“dtt equates the actions of Israel with the atrocities of the SS in Warsaw. There is no doubt whatsoever that this is an anti-Semitic defamation.”

    My view:

    1. DTT was incorrect to use the SS atrocities in Warsaw as an example of the worst case.

    2. briefly is incorrect in saying DTT “equates the actions od=f Israels with the SS atrocties”.

  3. briefly @ #2840 Wednesday, February 20th, 2019 – 7:38 pm

    The IG are going after the Remainer vote, which is larger.

    Who says it’s larger? Polls? The same polls that predicted Remain would win the original referendum?

    And what exactly are 11 “independents” going to achieve in a parliament of 650 seats? That of course assumes all 11 of them will win their seats back, which is one hell of an assumption.

    And of this so called Independent Group, who is their leader? The very name “independent” implies they don’t have one. It’s bleeding obvious they’re never going to reach any form of consensus as to what they actually stand for, therefore their longevity is in serious doubt. And again, that assumes all of them will be re-elected.

    Expecting this loose gaggle to save Britain is an extremely long bow to draw when their ability to even retain their place in parliament is another long bow.

  4. Dan Gulberry

    And what exactly are 11 “independents” going to achieve in a parliament of 650 seats? That of course assumes all 11 of them will win their seats back, which is one hell of an assumption.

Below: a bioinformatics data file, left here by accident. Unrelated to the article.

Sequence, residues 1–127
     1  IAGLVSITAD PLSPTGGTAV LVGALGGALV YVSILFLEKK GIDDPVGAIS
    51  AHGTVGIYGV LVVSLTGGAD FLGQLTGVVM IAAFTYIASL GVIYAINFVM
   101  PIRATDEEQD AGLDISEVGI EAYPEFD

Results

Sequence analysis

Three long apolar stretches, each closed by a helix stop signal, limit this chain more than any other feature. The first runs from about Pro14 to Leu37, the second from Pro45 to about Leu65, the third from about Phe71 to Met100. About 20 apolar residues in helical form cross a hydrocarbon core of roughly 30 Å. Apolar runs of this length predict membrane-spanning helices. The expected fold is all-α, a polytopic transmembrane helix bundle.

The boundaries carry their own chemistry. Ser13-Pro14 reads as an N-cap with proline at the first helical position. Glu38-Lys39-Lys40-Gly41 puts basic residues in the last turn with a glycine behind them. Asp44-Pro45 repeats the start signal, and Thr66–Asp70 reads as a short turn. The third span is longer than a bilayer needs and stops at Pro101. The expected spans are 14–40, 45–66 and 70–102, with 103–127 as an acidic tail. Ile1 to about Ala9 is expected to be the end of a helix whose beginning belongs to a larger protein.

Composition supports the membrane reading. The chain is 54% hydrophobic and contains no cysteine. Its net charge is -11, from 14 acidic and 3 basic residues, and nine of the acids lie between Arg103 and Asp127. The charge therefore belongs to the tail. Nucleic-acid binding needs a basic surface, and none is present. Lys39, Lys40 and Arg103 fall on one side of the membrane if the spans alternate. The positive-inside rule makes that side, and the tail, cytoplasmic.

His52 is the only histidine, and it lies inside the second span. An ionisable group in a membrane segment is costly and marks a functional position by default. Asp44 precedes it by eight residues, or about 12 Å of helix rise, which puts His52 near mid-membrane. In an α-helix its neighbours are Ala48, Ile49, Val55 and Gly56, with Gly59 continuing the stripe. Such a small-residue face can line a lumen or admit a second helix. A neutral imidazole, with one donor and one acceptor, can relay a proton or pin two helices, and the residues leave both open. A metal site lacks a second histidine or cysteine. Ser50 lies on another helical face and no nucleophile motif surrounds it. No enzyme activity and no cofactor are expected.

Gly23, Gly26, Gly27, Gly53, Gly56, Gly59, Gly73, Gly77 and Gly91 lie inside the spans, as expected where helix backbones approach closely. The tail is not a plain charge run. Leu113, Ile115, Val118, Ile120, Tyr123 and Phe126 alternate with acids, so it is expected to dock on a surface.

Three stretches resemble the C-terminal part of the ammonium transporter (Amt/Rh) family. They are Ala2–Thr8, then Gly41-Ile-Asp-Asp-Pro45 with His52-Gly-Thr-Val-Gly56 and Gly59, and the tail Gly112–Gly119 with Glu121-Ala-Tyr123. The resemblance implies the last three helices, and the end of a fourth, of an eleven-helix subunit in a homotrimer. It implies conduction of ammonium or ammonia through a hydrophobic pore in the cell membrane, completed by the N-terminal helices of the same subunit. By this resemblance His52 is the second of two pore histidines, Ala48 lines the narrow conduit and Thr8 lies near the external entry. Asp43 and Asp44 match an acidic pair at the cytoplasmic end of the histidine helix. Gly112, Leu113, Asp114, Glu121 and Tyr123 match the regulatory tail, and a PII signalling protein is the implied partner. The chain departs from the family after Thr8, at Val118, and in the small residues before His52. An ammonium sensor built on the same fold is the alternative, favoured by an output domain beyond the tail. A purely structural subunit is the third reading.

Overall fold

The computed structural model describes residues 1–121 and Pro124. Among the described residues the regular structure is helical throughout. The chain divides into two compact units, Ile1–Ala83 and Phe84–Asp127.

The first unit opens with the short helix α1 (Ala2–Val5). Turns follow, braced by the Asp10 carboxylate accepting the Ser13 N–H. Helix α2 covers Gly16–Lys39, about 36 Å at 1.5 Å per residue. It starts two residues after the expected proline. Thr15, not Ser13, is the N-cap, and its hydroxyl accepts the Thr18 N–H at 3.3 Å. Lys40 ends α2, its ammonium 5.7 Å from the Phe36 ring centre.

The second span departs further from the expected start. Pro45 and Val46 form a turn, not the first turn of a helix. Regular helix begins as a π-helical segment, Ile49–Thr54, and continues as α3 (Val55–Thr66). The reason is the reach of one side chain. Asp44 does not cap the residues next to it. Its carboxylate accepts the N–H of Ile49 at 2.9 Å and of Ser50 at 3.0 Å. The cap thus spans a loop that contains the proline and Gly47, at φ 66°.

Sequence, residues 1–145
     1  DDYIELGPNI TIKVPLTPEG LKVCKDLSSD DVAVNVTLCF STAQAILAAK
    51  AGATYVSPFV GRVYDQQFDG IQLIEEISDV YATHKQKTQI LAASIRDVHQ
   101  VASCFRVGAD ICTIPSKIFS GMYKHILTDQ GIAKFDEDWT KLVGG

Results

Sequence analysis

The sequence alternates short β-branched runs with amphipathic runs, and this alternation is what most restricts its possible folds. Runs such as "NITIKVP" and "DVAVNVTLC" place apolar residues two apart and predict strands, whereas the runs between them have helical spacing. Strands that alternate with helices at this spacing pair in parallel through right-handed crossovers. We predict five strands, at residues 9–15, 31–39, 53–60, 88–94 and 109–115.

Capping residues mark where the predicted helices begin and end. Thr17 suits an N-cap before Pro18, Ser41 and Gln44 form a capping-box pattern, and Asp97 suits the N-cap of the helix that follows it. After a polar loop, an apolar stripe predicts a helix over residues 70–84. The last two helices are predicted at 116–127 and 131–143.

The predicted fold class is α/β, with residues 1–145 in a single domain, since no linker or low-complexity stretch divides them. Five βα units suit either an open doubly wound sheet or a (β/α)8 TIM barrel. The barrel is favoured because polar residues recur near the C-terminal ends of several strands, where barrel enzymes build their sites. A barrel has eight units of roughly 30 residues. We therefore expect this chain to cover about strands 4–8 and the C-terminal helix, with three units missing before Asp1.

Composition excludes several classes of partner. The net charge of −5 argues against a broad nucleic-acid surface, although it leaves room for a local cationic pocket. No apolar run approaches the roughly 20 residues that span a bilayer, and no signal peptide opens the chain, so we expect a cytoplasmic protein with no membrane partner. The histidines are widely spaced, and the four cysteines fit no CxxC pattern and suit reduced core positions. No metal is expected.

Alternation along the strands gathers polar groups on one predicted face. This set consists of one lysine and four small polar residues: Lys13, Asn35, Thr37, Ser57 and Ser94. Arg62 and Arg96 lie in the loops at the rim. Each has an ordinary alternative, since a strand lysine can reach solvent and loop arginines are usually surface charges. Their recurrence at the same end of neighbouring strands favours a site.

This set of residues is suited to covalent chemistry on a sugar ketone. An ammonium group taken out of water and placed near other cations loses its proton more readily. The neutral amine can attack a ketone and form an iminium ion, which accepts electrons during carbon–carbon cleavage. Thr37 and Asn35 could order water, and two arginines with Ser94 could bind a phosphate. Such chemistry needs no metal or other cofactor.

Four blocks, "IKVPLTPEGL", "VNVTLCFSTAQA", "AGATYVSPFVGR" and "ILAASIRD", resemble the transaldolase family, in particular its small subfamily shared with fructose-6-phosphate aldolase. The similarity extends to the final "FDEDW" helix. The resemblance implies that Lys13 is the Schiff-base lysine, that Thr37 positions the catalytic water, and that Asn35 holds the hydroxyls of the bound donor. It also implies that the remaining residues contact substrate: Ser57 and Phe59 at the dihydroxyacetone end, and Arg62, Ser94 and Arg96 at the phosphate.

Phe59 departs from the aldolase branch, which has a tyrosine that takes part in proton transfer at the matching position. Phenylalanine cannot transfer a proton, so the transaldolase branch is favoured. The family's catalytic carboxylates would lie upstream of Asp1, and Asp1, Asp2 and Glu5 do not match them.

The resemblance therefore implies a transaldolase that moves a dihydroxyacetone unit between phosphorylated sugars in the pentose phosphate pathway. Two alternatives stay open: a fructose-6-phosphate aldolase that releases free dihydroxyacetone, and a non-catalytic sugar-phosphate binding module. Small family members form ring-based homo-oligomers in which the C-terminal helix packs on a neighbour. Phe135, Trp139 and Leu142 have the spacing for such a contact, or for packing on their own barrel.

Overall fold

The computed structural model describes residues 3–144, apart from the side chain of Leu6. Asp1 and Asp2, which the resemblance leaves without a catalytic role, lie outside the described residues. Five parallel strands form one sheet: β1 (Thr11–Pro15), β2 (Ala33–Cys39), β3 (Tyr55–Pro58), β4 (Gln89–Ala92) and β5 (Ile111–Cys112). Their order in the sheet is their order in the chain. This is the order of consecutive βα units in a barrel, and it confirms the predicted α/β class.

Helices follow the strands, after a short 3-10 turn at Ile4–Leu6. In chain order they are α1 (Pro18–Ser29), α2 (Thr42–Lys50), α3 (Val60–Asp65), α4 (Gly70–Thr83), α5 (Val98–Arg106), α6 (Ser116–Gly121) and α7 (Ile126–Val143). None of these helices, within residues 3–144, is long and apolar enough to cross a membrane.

Conservatives plus DUP no longer have a majority.
    The next election isn’t scheduled for another 3 years. Do you think May will call another election soon?

  5. DG,

    The independents see their parties heading toward a belligerent Brexit balls-up, don’t want to be a part of it, and think making a public display of their dissent is their best option.

  6. DTT

    “i think the Palestinians suffer MORE than the Jewish people did in Warsaw.”


    DTT, I find this inexplicable.

    The Warsaw ghetto ended in essentially all occupants being exterminated.

    Brutal and illegal is Israel’s occupation of Palestine, it has not yet led to extermination.

  7. Question

    “All “remain” MP’s should join the Independents.”


    This assumes being in or out of the EU overrides everything else.

  8. What ARE you Sanders fans talking about?

    He’s 77 years old. Would be 80 at inauguration.

    88 at leaving office.

    Get a grip! He won’t last the distance.

  9. I have to admit I had to Google Eugene McCarthy, but the analogy is definitely plausible.

    Sanders filled the anti-Hillary vacuum in 2016. And like the vacuum McCarthy filled in early 1968, this was a fleeting opportunity, seized and then gone. For a moment, it took Sanders to the heart of a buzzing, sparking madness. And much as McCarthy’s moment ended with Nixon, the Sanders moment faded with the weird, flawed figure of Trump in the White House.

    However the 2020 campaign might unfold for the Democrats, there is no wounded giant to define the party fray. Minus the vacuum, Sanders will find, like gruff Gene, that his moment is gone, his agenda absorbed by more plausible candidates, his future behind him. Only the residue of unslaked ambition remains.


  10. Question

    As a prelude: I consider myself an Australian Nationalist and Socialist and consider patriotism a nasty ideology. But you may think patriotism is good and nationalism is bad, but that is semantics.